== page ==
All case studies published within the MIT Case Studies in Social and Ethical Responsibilities of Computing are subject to rigorous peer review from at least four senior scholars as well as groups of undergraduate volunteers. In all instances, the Series Editors and reviewers of specific submissions will know the identity of the author(s) of a given submission. Reviewers are strongly encouraged to include their names and departmental affiliations on their reviews, since the Series Editors solicit reviews from experts across a wide range of departments and fields of study, and understanding a reviewer’s area of expertise can help the author(s) incorporate specific feedback. Nonetheless, reviewers can request that a specific review be shared with the author(s) anonymously.
MIT Case Studies in Social and Ethical Responsibilities of Computing is an open access publication that publishes case studies under a CC-BY-NC 4.0 license
Authors can include a preview image to correspond with their case study — for display on the table of contents page and social media sharing. Ideally, this image will come directly from the article itself or from royalty-free image sites. Authors are responsible for confirming that they have permission to use their suggested preview images. The publication team can supply preview images when authors aren’t able to provide one.
The editorial board reserves the right to impose specific requirements for individual articles, including modifying titles, abstract, figures, tables, etc. prior to acceptance.
The MIT Case Studies in Social and Ethical Responsibilities of Computing aims to publish broadly accessible materials that are based on original research and suitable for undergraduate instruction. The Series Editors will consider case study submissions from authors who wish to excerpt or adapt material from their own previously published work, so long as the authors can secure written permission from the original publisher(s) for re-use of their material in a case study. Authors of Case Studies in the MIT Series retain copyright in their work while granting MIT a nonexclusive right to publish their Case Study in all media and formats throughout the world.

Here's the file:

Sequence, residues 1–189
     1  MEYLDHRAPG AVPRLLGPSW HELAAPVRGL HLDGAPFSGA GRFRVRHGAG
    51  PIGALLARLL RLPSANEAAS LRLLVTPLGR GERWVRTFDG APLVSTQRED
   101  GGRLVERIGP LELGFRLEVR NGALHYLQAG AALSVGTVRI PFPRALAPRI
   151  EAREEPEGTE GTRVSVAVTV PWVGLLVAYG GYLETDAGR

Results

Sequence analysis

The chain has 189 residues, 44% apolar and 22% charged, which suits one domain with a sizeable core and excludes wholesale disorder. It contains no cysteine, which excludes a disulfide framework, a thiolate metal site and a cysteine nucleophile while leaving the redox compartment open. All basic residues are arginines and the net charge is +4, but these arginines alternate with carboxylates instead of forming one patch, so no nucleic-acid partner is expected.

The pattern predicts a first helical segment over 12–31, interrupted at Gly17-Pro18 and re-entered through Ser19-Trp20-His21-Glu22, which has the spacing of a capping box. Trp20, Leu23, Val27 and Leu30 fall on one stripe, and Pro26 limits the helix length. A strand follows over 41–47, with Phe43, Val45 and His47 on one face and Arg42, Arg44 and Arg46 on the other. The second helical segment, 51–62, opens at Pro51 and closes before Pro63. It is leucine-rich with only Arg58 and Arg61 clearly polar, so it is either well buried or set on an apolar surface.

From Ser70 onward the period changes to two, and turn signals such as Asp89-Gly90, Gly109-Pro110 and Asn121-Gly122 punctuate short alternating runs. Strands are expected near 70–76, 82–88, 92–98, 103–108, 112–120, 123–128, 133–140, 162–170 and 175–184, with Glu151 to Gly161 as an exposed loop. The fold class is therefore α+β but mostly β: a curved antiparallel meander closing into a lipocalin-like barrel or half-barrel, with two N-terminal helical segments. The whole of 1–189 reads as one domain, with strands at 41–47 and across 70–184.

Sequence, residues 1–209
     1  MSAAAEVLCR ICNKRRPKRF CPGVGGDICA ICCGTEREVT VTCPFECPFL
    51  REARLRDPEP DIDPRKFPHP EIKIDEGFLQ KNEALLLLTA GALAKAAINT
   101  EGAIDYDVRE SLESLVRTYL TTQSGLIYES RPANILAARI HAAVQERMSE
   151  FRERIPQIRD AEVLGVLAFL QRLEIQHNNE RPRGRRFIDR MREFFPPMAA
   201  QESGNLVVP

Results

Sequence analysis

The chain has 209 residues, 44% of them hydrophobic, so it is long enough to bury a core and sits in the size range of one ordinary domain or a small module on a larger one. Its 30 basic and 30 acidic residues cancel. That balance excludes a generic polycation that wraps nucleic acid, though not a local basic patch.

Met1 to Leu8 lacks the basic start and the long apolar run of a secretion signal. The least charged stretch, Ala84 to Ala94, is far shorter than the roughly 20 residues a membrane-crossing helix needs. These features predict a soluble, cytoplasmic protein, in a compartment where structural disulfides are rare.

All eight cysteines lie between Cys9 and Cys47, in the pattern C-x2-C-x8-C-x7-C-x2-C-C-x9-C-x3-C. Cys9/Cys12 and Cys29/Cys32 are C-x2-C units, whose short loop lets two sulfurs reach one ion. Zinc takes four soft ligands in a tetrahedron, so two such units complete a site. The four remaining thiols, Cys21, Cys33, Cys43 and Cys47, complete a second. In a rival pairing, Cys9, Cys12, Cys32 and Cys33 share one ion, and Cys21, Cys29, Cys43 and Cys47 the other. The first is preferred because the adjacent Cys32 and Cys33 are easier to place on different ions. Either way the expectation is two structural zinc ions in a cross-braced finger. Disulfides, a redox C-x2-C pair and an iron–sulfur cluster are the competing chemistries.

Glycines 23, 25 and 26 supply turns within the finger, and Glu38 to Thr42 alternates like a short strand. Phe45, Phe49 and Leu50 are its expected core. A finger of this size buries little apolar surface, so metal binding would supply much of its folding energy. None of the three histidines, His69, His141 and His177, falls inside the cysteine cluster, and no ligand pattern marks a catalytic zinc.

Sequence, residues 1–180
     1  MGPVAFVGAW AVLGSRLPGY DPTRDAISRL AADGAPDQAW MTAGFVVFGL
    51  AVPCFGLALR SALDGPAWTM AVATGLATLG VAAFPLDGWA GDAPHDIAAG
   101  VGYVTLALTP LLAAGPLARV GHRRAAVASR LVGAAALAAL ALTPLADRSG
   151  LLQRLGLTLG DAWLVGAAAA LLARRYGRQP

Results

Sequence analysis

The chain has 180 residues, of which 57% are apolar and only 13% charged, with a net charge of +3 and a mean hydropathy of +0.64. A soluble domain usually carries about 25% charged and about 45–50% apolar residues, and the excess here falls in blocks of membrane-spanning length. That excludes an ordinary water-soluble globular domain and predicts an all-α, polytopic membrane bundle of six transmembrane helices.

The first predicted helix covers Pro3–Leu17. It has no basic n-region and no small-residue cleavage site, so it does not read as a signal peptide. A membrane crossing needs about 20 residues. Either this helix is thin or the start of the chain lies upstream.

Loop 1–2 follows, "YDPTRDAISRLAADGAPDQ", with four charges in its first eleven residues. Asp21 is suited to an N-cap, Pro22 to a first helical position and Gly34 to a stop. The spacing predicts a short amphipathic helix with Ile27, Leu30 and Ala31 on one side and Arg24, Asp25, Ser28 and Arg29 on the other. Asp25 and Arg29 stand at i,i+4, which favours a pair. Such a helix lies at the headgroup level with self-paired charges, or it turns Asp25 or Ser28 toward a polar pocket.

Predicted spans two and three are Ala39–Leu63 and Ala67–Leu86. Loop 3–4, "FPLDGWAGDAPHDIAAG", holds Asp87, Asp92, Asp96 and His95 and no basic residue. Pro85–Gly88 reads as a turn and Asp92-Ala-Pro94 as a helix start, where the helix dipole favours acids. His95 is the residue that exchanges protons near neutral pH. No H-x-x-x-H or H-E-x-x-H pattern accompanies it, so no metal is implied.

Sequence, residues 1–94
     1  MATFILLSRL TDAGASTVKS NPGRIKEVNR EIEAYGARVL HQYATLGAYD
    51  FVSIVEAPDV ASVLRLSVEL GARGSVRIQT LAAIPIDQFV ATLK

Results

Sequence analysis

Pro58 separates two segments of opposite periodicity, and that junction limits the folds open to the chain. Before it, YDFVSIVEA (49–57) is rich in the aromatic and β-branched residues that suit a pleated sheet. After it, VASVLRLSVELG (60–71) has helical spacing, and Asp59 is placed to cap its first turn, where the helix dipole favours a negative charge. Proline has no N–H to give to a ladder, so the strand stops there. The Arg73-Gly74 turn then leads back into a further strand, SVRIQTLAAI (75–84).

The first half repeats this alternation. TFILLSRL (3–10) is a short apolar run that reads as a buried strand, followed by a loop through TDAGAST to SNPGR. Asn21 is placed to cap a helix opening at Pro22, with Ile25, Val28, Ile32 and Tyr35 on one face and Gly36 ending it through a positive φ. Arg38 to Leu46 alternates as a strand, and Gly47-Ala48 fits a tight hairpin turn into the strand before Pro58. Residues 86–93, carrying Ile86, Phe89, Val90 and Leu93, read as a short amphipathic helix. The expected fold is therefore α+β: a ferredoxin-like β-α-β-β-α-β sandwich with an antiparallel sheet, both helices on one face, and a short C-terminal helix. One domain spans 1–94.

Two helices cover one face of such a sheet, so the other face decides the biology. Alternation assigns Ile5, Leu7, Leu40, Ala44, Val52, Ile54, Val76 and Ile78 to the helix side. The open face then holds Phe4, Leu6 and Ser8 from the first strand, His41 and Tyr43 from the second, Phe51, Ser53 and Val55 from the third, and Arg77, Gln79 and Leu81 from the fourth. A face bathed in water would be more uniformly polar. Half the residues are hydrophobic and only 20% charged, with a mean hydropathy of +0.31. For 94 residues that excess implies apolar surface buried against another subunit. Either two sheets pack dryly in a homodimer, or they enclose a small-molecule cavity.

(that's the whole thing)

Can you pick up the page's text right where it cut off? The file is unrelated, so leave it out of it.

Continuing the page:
Publication of preprints of accepted MIT Case Studies on servers such as arXiv, SociArXiv, and bioRxiv and in institutional repositories is acceptable and encouraged.
Authors who are interested in publishing in the MIT Case Studies in Social and Ethical Responsibilities of Computing should contact the Series Editors at firstname.lastname@example.org.
Written permission is required if authors include any content published in copyrighted material, such as figures and tables, or quoted text exceeding Fair Use parameters. It is the author’s responsibility to acquire permissions for copyrighted materials. Authors must provide written proof of permissions before publication.
Accepted articles must undergo copyediting in advance of publication. Unless special circumstances occur, articles are published on a first-in-first-out basis.
MIT Case Studies in Social and Ethical Responsibilities of Computing encourages authors of accepted manuscripts to create a PubPub account unless there are compelling reasons that prevent one from doing so. Submitting authors do not need to create accounts as part of the review process.
PubPub is our digital publishing platform, and having an account creates a bio page which authors may populate and update. Having an account allows authors to make use of the interactive components of our site, including commenting on and annotating published work.
A Digital Object Identifier (DOI) provides a persistent link to digital content online. Manuscripts published in MIT Case Studies in Social and Ethical Responsibilities of Computing are assigned a DOI to facilitate discoverability through indexing and citation. DOIs do not change over time. The DOI can typically be located at the top of an article’s first page. DOIs are formatted as https://doi.org/xxxx.
If authors must submit corrections or updates to published work, they should contact the Editors.
The editorial board reviews post-publication correction requests that are substantive and affect understanding. Approved corrections are applied to the text and are accompanied by a release note describing the nature of the changes.